“The high demand from retail customers is proving to be a challenge for regional banks,” Kooi says. If banks fail to accommodate digital assets, “customers may make their investments with other market participants, thus the bank loses the deposits and the fees.”

“The high demand from retail customers is proving to be a challenge for regional banks.”
— Anna Kooi, Wipfli

Potential services include off-balance sheet custody, investment services and lending against digital assets, using a partner like Fidelity to provide valuation and collateral services, Kooi says. Banks also are looking at changing their risk systems to evaluate businesses that are active in the digital asset space, accept digital assets as payment or provide services to the sector.

According to Wipfli, 43% of banks plan to start offering services related to digital assets like crypto, up from 29% in its prior survey in 2021. The bankruptcy of FTX may have only encouraged banks to consider making a move, Kooi says, noting the survey was conducted after the exchange collapsed. (A few banks that had worked with FTX experienced some dramatic fallout in the ensuing months, though, including the soon-to-be-liquidated Silvergate Bank.)

Banks are expecting all the resulting drama to lead to tighter regulation, which will make them more comfortable with bitcoin and other cryptocurrencies, Kooi says. “Even before that, financial institutions were begging for regulators to give some guiderails around it,” she says.

Conflicting findings come from Cornerstone Advisors in its annual “What’s Going on in Banking” report. Just 1% of community banks and 5% of credit unions that Cornerstone surveyed for its 2023 report said they are now offering crypto investing services. Another 1% of banks and 5% of credit unions plan to add them this year, a steep drop from its survey a year earlier when 10% of financial institutions overall had said they planned to add such services in 2022. About 300 financial institutions ranging in assets from $250 million to $50 billion participated in the Cornerstone survey.

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An Eye on ESG and Its Impact on Talent Strategy

ESG – shorthand for a strategy focusing on environmental, social and governance issues – also has become a higher priority for banks, with part of the driving force being the challenge with recruiting and retaining talent.

ESG can be something of a minefield these days. Conservative lawmakers around the country have criticized ESG policies as a form of “woke” capitalism favoring liberal public-policy goals.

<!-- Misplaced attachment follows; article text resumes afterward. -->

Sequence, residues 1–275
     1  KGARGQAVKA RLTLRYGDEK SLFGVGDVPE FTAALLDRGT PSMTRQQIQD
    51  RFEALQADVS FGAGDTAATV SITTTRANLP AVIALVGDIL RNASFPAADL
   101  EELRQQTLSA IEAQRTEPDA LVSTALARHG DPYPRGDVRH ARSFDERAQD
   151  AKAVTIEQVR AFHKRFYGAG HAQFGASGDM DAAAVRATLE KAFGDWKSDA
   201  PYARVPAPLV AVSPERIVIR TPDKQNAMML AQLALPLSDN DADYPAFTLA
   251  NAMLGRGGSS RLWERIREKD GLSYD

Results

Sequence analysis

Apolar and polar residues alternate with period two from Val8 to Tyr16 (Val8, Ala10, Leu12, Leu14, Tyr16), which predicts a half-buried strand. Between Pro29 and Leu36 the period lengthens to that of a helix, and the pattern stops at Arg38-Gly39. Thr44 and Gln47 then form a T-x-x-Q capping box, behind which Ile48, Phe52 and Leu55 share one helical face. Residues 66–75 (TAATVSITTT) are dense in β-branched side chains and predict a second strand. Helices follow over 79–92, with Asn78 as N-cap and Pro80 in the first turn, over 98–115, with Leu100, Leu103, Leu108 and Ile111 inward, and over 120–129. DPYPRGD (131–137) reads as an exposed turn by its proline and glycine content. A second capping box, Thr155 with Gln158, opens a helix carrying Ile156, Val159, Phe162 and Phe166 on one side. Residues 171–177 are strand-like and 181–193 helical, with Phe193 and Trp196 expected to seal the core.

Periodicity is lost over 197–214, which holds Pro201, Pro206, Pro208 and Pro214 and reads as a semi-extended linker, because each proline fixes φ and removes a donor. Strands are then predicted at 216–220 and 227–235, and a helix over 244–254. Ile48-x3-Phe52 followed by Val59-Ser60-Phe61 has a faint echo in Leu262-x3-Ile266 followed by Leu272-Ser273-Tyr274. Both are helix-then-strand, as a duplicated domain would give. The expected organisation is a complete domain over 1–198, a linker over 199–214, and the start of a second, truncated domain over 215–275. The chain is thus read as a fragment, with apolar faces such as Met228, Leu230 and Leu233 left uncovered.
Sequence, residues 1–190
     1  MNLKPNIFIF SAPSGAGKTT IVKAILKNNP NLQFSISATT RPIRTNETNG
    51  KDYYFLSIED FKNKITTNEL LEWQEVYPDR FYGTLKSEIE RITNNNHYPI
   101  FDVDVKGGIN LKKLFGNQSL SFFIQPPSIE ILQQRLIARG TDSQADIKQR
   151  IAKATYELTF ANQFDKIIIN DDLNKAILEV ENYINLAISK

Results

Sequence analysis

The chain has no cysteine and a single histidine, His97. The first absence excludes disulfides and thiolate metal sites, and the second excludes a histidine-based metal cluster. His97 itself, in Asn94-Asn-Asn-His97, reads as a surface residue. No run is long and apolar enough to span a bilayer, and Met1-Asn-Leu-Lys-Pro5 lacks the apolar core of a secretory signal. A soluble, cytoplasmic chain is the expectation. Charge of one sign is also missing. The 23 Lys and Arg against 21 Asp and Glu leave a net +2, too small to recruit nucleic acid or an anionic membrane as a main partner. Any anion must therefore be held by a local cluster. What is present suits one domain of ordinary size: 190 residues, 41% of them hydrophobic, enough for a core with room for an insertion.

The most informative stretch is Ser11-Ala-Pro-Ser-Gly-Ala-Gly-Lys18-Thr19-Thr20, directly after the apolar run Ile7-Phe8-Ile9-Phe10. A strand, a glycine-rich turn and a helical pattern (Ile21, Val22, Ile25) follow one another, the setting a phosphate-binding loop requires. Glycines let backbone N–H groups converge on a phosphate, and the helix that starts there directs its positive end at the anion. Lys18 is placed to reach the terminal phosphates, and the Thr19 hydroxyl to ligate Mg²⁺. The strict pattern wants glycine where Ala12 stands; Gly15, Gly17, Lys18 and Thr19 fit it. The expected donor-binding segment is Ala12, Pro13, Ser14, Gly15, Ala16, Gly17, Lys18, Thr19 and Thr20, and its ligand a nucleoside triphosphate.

However, younger workers and consumers increasingly want to work for and do business with companies that share their values and give them a sense of purpose beyond just the bottom line. “That sense of belonging is a big part of what it takes” to attract and retain talent, Kooi says.

Nearly half, or 48%, of bank executives in the Wipfli survey rated ESG as “extremely important.” But measuring the impact of ESG initiatives remains a challenge. More than half of executives say the environmental component is the toughest to quantify.

Wipfli suggests starting with sponsorship from top executives to build momentum around ESG initiatives, selecting a few critical issues and then setting goals, benchmarks and action plans.

Banks don’t have to take a political stance to engage with ESG issues, Kooi says. They can, for example, emphasize that they are just trying to do what’s best for their communities, she says. “It all depends on how you talk about it.

Overview of methodology and participants:

The Wipfli survey was conducted in November via email with responses coming from 249 bank leaders in 39 states.

Of the respondents, 28% were from banks with $500 million or less in assets; 15% came from banks with assets of $500 million to $1 billion; 30% came from banks with $1 billion to $3 billion, 8% from those with $5 billion to $10 billion; and 1% from banks over $10 billion.

About half of the respondents gave their title, with 25% of those saying they were president and CEO; 22%, CFO; 16%, president; and 15%, CEO. The remainder included mostly other C-level roles.